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Lake Placid 'Celebrates America' in Christmas parade

LAKE PLACID — The Greater Lake Placid Chamber of Commerce Christmas Parade wrapped-up the holiday parade season Saturday night with a flurry of lights, floats music and costumes. The patriotic them this year was “Celebrate America.”

The parade route moved from Dal Hall Boulevard south on Main Avenue and east onto Interlake Boulevard.

The Lake Placid High School JROTC led the parade by stepping off on Dal Hall Boulevard and presenting the colors and singing Christmas-related cadences. They ushered in the Grand Marshals, Vann Peeples and Dale McQuillen, who rode in on a little red Corvette.

The Lake Placid High School marching band kept everyone in step with a its drumline and Christmas carols while the color guard performed in time.

Mayor John Holbrook and his wife Marge waved to the crowds and wished everyone a Merry Christmas. Beauty queens rode in cars. Decked out boats, floats and even swamp buggies were decorated and strung with twinkling lights.

Churches had floats with Nativities and other religious scenes and drove slowly by. Walkers dressed as Santa’s helpers passed out candies to the crowd and Bible tracks.

Dance troupes showed off their talents as they twirled through the streets. A demonstration of martial arts with fighting sticks was performed by the youth from a local martial arts studio.

Law enforcement and first responders rolled by with lights and sirens on. Families of the firefighters rode on the trucks and the kids wished everyone a happy holiday over the loudspeakers.

The long parade was more had many new floats this year, with several new businesses from the area participating.

Santa and Mrs. Claus, also known as Steve and Gini Shevick, made spirits bright while they tutted through the streets in a decorated buggy and waving at residents. Bringing up the rear of the parade, for obvious reasons, were riders on horseback dressed in western wear.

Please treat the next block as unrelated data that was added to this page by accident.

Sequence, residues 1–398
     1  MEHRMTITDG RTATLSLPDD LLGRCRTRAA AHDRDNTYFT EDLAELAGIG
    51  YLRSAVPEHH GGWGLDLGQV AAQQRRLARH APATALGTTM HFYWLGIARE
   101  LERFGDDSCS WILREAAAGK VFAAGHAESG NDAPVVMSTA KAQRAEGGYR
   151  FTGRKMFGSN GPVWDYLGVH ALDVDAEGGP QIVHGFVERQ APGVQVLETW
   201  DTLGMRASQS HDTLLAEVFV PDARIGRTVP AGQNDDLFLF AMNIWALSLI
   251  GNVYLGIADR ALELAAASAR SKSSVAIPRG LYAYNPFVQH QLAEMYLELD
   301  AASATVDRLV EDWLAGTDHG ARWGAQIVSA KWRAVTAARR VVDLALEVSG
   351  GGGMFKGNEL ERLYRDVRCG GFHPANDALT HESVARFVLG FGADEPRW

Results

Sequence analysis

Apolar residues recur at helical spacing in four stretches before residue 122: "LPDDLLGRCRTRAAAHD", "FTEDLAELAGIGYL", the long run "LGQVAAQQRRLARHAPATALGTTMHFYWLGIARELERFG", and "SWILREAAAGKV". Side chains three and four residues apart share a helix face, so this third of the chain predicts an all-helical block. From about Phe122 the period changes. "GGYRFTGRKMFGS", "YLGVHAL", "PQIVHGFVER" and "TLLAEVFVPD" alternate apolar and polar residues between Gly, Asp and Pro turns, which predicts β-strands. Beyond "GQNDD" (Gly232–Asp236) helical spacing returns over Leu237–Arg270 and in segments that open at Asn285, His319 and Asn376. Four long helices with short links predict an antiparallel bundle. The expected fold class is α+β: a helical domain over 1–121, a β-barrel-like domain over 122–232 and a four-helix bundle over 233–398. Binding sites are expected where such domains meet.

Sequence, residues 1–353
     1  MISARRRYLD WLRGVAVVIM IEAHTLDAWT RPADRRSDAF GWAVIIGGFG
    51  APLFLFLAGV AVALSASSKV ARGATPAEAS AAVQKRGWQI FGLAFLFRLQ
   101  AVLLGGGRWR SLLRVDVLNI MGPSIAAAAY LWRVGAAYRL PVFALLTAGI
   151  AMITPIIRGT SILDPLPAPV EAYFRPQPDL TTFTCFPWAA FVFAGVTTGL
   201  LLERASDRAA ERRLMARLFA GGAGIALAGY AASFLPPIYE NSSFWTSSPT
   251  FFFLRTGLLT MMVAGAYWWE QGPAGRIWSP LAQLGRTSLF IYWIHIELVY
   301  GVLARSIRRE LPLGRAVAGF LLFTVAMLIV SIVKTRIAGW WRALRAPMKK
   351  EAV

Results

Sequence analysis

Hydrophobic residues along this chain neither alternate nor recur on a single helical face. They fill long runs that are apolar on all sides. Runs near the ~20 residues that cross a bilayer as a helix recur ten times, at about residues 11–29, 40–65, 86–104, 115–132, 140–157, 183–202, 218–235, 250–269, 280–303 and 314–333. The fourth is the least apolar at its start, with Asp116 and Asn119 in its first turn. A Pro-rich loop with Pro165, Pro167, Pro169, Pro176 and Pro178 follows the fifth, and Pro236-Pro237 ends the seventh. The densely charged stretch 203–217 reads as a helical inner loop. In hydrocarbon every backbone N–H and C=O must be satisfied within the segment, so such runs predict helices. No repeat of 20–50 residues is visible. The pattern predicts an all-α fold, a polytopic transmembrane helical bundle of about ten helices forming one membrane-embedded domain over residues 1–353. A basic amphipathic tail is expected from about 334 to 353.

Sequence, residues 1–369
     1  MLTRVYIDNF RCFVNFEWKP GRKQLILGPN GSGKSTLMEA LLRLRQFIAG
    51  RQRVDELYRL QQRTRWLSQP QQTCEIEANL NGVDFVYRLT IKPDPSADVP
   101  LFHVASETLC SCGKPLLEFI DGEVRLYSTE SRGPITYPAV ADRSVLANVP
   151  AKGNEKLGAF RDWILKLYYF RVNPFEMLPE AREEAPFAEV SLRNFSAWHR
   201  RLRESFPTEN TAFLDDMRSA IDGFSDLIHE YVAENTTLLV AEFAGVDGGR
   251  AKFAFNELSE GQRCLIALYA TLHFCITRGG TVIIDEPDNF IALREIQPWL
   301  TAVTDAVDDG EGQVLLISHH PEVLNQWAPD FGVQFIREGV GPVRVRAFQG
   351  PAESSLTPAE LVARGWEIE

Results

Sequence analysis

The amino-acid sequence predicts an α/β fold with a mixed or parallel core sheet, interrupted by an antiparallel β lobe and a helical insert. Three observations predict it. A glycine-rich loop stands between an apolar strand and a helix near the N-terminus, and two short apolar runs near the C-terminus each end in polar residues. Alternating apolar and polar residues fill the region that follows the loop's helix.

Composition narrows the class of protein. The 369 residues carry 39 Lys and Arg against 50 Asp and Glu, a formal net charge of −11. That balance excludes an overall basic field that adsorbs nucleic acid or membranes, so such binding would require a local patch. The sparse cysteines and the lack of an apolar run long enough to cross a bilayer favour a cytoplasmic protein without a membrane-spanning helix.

Goodson mural livens up office interior

LAKE PLACID — Staring at the inside of four walls is supposed to be the epitome of boring, but not when those walls have been painted by muralist, Keith Goodson. State Farm Agent Terri Conley hired Goodson to paint a mural in her office at 139 Tower St. in Lake Placid.

The mural that Goodson was planning on finishing on Friday embodies the spirit of Lake Placid.

“Since I began the agency, I have always wanted to incorporate Lake Placid into my office,” Conley said.

With the caladium fields, orange groves, lakes and iconic Happiness Tower, the mural certainly represents the Town of Murals. Goodson also integrated the vintage clock that is located in front of Wauchula State Bank, cows point to the town’s agricultural history and the blue heron is a nod to the lakes and wildlife and their importance to the area. A clown riding in a little red convertible is another highlight of the mural.

Conley said most offices have large acrylic signage with the agent’s name and company logo. She said she didn’t want that and asked the Greater Lake Placid Chamber of Commerce for recommendations for an artist. Eileen May, executive director of the chamber, gave her Goodson’s name.

Goodson is a well-known artist, especially in Lake Placid, where he has painted more murals on walls and inside buildings than any other muralist. He has also refreshed many other murals done by others.

“I would recommend other businesses to have murals,” Conley said. “It was not as expensive as I thought would have been.”

Goodson drew Conley an artist’s rendering that she was thrilled with. The only thing she changed was the color of the clown car from a blue to red. The painting has taken about a week to complete. Conley said she would welcome anyone who wanted to see the latest mural in her office.

The lowdown on recycling

SEBRING — Ever wonder why certain “recyclable” products aren’t accepted or perhaps where they go? Robert A. Diefendorf Jr., EI, project manager of the Transportation/Utility Division at the County Engineering Department, explains the process of recycling. Diefendorf goes into detail, from when trucks pick up the bin, to when it transfers out to a processing facility and everything in between.